NHTSA Web Page

I note this because I find it funny. Why does NHTSA have two home pages? I mean that and are completely different pages.

UPDATE (02/18): This is creepy. I had noticed this discrepancy for several weeks, but posted about it yesterday, and the web site now redirects all pages to the new NHTSA web page.

Monday, February 14, 2005

CAFE Review Update

You may or may not remember that I complained about not hearing anything from NHTSA about changes to CAFE Standards. Rick Popely of the Chicago Tribune gets some comments from a NHTSA spokesperson
NHTSA has been mum on what might change since it began its review. One reason is that it has had to digest more than 66,000 comments from interest groups, manufacturers and consumers last year on how to remake CAFE.
'It's an issue that resonates,' Tyson said of the avalanche of opinion. 'We asked for comments. We sure got them.'
NHTSA's timetable is to propose new truck CAFE rules this year, brace for another round of comments, and issue a final rule by April 2006 to give manufacturers time to make changes for the 2008 model year.
Before the current review was announced, NHTSA boosted truck CAFE for 2005 to 21 m.p.g. from 20.7, the standard since 1996. Next year, the standard rises to 21.6 m.p.g. and in 2007 it goes to 22.2. Because NHTSA is looking only at trucks, CAFE for cars should remain 27.5 m.p.g.
Each manufacturer has to meet those standards with the fleet of vehicles it sells, using a sales-weighted average, or pay fines that can run into the millions.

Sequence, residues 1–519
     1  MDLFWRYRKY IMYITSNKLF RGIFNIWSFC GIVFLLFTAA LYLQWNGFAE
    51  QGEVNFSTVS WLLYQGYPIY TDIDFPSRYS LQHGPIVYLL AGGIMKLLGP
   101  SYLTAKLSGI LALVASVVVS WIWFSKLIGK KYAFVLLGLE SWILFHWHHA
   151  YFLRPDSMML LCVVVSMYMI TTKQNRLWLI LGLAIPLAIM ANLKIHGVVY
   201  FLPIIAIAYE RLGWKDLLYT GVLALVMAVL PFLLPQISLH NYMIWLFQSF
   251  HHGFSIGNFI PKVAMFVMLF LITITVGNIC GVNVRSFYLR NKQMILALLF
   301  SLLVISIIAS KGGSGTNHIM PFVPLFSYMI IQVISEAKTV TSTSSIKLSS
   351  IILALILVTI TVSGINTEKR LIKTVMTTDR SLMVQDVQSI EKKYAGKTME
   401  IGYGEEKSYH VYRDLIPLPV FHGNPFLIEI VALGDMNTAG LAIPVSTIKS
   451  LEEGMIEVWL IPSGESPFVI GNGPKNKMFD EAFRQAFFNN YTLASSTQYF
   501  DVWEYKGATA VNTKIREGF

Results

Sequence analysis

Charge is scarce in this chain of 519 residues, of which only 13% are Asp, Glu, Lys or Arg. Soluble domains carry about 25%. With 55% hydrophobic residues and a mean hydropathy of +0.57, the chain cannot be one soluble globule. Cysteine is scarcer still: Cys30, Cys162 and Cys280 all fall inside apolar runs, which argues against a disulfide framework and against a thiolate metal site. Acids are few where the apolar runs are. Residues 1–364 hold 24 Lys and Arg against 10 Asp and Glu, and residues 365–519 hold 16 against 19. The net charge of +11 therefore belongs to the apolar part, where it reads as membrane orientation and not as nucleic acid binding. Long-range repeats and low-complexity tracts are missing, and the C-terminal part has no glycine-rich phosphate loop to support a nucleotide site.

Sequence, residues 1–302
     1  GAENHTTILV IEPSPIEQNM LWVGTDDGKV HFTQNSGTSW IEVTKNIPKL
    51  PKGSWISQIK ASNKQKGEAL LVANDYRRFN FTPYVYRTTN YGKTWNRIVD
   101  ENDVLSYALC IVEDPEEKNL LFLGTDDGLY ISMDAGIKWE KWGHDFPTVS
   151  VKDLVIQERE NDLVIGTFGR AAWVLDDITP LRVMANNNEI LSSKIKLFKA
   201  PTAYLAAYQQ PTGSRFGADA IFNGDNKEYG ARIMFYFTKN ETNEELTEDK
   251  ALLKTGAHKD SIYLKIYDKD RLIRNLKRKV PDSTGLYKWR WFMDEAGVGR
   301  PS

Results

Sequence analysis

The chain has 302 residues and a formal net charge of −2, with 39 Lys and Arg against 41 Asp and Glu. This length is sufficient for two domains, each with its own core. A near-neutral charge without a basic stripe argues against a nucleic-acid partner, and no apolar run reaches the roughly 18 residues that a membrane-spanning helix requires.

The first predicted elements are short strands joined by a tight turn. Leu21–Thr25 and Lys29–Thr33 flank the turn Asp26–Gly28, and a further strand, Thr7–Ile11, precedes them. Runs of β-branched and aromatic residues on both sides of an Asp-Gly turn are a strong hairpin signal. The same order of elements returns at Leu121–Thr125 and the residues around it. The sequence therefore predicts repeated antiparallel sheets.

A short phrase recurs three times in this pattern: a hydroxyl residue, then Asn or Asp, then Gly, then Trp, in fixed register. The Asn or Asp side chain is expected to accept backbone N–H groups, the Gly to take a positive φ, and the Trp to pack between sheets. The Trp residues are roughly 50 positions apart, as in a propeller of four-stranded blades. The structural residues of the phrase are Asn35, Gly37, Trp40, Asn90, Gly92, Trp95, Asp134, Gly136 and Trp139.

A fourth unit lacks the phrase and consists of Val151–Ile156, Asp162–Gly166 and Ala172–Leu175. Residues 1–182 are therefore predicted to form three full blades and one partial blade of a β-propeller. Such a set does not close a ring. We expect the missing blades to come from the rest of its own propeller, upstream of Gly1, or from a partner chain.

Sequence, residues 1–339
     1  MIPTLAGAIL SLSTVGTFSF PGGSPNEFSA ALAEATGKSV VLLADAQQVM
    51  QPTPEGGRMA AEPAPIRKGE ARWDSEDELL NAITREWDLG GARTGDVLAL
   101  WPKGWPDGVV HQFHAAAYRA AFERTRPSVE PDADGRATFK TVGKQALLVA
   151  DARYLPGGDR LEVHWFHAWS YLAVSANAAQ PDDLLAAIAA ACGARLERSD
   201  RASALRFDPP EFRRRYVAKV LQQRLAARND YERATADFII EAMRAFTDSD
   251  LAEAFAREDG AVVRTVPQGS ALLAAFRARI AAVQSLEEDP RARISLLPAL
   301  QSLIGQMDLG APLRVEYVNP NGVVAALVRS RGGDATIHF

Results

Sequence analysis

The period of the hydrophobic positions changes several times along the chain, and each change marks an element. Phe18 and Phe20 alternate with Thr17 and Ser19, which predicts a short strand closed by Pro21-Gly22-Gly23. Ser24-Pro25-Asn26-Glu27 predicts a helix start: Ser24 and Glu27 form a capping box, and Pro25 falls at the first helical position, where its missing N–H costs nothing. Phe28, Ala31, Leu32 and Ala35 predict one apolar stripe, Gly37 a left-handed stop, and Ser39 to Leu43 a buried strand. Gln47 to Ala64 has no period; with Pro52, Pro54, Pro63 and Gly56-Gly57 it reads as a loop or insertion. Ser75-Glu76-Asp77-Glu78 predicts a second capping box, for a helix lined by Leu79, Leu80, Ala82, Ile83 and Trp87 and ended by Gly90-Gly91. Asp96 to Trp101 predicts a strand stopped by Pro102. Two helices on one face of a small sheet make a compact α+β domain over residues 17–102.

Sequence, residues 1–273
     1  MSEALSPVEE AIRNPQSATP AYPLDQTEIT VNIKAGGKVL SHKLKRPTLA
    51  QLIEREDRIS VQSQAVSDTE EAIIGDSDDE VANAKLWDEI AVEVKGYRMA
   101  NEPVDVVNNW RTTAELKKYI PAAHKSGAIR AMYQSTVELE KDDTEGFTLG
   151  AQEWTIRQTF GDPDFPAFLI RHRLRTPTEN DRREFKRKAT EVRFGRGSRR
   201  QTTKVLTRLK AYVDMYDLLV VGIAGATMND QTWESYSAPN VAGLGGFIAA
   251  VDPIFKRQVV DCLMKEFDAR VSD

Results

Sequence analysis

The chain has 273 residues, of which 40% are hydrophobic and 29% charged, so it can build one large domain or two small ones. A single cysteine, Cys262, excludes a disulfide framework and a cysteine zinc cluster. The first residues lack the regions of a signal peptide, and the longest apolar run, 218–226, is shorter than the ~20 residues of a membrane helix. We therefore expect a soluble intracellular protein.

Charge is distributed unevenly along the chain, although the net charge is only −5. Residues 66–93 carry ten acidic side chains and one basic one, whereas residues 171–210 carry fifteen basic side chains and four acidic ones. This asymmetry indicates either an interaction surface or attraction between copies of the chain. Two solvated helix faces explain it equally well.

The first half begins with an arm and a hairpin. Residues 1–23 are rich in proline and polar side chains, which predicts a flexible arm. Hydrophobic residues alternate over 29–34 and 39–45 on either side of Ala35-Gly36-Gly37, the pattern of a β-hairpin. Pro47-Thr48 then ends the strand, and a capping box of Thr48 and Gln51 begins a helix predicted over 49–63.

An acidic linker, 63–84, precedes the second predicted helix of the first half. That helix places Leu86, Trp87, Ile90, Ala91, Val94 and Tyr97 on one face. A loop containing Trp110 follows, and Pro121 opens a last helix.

What makes a vehicle a car or truck is a major part of NHTSA's review.

I wonder if there was a press conference or this was some legwork done by the Tribune reporter? Interesting times ahead.

Voluntary Targets for Improving Fuel Economy in Canada

CTV reports that the Canadian Prime Minister is all set to accept voluntary agreement by Carmakers on fuel economy. The deal will require improving fuel economy by about 25% over the next Six years. The deal has been making for a long time, and Natural Resources Canada has been quite explicit about the 25% target from the beginning. This is an ambitious target. Combined with California's AB 1493, and the willingness of Northeastern States in the US to adopt California measures, we are in for some interesting times over the next couple of years. Stay Tuned.
P.S. Tom points to this Science Committee hearing. What I find curious is the following: